You may already know that if you file for Chapter 13 bankruptcy, you’ll need to create a debt repayment plan. That plan needs to be filed with the bankruptcy court within 15 days of your bankruptcy petition. Chapter 13 repayment plans are either three or five years, depending on whether your income is above or below the median income for the state.
The payments in the repayment plan are actually made to your bankruptcy trustee. That person then distributes the money to your creditors based on the terms of your plan. The plan must take in to account the various types of claims: priority, secured and unsecured.
The repayment plan has to be approved or “confirmed” by a bankruptcy judge. That is done in a confirmation hearing. The judge will review the plan to make sure it complies with the Bankruptcy Code and that it seems feasible.
What does the judge consider?
The judge will hold a confirmation hearing within 45 days of the meeting of creditors. In this hearing, the judge will make sure that the repayment plan meets the following requirements:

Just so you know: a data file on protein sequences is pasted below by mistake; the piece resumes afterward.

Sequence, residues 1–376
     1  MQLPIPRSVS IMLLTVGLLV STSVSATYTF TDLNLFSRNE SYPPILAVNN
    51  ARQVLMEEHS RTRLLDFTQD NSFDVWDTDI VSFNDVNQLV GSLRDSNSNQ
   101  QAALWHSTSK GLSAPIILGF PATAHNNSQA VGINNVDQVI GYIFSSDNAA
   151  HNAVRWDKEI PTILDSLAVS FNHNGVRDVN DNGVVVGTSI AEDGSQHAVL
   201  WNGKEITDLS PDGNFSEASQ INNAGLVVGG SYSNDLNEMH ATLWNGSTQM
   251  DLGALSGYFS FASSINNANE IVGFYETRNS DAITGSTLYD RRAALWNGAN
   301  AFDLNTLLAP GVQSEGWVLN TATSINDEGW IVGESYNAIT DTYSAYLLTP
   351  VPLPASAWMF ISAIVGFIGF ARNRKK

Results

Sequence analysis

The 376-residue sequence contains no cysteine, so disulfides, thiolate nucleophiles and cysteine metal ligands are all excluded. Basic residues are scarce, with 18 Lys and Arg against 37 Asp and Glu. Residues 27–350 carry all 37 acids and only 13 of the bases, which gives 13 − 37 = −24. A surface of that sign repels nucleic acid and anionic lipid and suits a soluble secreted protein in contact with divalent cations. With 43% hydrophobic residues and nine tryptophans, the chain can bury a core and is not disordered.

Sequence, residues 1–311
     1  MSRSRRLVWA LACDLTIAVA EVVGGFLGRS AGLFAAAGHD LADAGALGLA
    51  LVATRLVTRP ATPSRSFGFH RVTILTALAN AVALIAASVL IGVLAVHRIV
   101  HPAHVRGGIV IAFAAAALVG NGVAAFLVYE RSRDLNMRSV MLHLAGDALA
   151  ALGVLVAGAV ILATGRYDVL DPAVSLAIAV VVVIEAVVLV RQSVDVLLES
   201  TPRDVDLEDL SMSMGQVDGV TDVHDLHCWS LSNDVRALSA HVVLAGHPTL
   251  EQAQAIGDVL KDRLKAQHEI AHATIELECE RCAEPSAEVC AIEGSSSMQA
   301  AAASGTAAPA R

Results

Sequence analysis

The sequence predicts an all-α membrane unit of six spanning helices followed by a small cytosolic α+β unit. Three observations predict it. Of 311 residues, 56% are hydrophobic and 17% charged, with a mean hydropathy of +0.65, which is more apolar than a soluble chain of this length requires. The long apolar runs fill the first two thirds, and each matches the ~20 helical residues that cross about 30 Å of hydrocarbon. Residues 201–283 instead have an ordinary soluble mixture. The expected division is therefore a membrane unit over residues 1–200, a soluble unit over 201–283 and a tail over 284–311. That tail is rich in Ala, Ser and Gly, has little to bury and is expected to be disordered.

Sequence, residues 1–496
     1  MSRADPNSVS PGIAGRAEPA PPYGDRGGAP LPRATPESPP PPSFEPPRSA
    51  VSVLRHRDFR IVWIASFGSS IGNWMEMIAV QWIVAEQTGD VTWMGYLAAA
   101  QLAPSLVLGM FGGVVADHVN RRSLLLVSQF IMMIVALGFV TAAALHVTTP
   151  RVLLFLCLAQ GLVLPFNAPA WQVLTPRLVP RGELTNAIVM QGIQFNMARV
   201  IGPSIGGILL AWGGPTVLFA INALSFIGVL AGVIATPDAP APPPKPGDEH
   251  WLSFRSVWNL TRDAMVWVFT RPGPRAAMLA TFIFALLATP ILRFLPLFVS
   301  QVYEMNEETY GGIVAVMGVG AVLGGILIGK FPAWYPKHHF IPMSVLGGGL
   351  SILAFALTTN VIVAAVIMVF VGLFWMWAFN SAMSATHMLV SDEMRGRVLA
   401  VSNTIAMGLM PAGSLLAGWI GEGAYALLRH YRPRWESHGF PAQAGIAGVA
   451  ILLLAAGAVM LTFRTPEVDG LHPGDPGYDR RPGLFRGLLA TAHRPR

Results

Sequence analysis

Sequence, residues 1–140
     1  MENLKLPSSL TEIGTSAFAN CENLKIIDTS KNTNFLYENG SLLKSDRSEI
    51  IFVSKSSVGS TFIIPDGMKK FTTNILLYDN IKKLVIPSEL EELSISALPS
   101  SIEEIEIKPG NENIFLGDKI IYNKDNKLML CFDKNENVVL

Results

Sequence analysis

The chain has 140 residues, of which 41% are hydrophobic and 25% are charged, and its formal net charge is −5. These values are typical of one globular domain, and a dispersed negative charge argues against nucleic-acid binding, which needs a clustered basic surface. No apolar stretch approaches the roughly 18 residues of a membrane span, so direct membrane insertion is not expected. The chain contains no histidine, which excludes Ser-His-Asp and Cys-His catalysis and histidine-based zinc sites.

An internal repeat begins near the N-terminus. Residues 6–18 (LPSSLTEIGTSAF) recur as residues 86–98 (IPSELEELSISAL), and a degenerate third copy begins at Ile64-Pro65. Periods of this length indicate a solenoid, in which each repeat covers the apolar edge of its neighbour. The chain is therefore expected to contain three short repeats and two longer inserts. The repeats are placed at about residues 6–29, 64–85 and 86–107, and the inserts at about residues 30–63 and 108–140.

- It complies with the rules in the Bankruptcy Code.
- It seems practical and feasible.
- It was filed in good faith.
- Unsecured creditors (credit card companies, for example) will receive at least as much as they would have in a Chapter 7 bankruptcy.
During the confirmation hearing, creditors are allowed to appear and raise objections if they have them. So can the trustee.
If you have an attorney representing you in the bankruptcy, you likely won’t have to attend this hearing as long as your attorney is there on your behalf. That’s up to you and your attorney. If you have a bankruptcy attorney, it’s wise to rely on them for guidance throughout the process.